Emerson F. Greenman

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Archaeological site at Badgeley Island, Ontario.jpg
Archaeological site at Badgeley Island, Ontario, looking west, circa 1950. Courtesy of Bentley Historical Library, University of Michigan

Emerson F. Greenman was born in Hartwellville, Michigan. He became interested in archaeology while studying at the University of Michigan, where he received his undergraduate degree in 1923. He earned a degree in anthropology at Oxford University in 1924 and his Ph.D. in anthropology from the University of Michigan in 1927. He was appointed Curator of the Great Lakes Division of the Museum of Anthropology at the University of Michigan in 1927, but left in 1928 to become the Curator of Archaeology for the Ohio History Connection.

Greenman assisted Henry Shetrone with excavations at Seip Mound and directed excavations at Eagle Mound at the Newark Earthworks, Coon Mound, Reeve village, Tuttle Hill village, South Park village, and the Esch Mound.

Perhaps Greenman's most important contribution to Ohio archaeology was his definition of the Adena culture based on his work at the Coon Mound. He recognized strong similarities between the Adena and Hopewell cultures and correctly surmised that the Hopewell culture had developed from the Adena culture.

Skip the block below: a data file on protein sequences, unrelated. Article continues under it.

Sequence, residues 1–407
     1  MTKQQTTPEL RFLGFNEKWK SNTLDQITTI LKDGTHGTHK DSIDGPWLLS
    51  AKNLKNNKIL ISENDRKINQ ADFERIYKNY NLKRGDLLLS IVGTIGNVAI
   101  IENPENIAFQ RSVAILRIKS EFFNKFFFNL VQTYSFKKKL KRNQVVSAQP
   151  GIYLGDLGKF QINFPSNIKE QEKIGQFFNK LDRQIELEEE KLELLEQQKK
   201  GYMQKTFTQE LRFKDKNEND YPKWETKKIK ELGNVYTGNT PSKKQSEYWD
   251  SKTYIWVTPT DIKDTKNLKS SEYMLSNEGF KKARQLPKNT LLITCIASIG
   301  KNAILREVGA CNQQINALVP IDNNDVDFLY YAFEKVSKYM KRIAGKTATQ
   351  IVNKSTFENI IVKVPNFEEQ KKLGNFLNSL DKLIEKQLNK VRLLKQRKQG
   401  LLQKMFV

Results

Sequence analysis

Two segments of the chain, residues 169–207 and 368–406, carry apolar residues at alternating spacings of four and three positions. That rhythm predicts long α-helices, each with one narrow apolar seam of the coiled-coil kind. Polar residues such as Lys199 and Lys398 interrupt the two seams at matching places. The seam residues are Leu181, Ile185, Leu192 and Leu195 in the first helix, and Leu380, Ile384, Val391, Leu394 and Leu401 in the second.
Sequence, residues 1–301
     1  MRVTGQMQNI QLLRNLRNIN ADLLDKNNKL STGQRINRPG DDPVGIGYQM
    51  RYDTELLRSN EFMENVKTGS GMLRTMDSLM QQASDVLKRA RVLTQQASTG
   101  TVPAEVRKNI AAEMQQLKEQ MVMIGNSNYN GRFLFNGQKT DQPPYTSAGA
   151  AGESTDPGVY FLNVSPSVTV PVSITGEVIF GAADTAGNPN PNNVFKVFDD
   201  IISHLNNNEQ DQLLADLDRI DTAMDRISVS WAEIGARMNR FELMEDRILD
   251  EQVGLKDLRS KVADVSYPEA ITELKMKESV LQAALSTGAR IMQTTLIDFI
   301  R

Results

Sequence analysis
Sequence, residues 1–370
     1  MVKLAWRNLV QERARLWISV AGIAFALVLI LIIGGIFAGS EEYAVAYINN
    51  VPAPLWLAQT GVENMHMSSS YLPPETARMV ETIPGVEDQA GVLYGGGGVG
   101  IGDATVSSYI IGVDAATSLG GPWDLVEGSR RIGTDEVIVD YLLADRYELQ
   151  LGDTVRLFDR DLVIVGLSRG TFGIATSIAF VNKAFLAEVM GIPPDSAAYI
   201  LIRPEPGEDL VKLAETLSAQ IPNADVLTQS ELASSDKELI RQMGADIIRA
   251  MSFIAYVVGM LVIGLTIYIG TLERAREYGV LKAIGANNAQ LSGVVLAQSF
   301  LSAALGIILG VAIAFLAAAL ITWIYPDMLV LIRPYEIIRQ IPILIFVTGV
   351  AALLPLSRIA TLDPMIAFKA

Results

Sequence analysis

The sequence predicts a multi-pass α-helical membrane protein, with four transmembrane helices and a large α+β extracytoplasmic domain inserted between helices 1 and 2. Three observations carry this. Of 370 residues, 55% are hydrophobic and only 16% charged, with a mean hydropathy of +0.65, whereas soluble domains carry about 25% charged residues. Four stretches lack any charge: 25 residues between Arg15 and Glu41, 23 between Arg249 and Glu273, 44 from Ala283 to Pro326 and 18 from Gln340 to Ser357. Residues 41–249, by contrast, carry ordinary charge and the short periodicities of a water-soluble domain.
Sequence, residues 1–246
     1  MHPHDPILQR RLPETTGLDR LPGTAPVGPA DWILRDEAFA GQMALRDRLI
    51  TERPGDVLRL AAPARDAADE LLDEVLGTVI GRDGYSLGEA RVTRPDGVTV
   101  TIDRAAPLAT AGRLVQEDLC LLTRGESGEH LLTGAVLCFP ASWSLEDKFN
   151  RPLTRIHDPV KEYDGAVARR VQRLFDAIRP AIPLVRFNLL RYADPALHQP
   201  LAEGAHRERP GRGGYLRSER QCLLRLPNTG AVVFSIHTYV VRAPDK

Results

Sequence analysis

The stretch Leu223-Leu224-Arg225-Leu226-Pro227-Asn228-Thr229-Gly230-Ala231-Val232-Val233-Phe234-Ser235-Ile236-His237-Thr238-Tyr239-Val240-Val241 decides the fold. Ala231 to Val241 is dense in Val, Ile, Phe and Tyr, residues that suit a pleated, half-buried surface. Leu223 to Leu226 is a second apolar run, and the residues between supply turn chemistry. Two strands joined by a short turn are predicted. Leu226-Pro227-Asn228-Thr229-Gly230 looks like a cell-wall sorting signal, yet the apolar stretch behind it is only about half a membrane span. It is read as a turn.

Greenman also defined the northeastern Ohio Whittlesey culture based on the distinctive series of artifacts and features that he found at the Reeve, South Park, and Tuttle Hill villages.

Greenman resigned from the Ohio History Connection in 1935 to accept a position as Research Associate at the University of Michigan's Museum of Anthropology. He became the curator of the Great Lakes Division of the museum in 1945 and retired in 1965.  He conducted many archaeological research projects in Michigan as well as Ontario, Canada. One of his most important contributions, however, was the cooperation he encouraged between amateur and professional archaeologists in Michigan. He was the first secretary-treasurer of the Michigan Archaeological Society and the first editor of the Society's journal, the Michigan Archaeologist.

See Also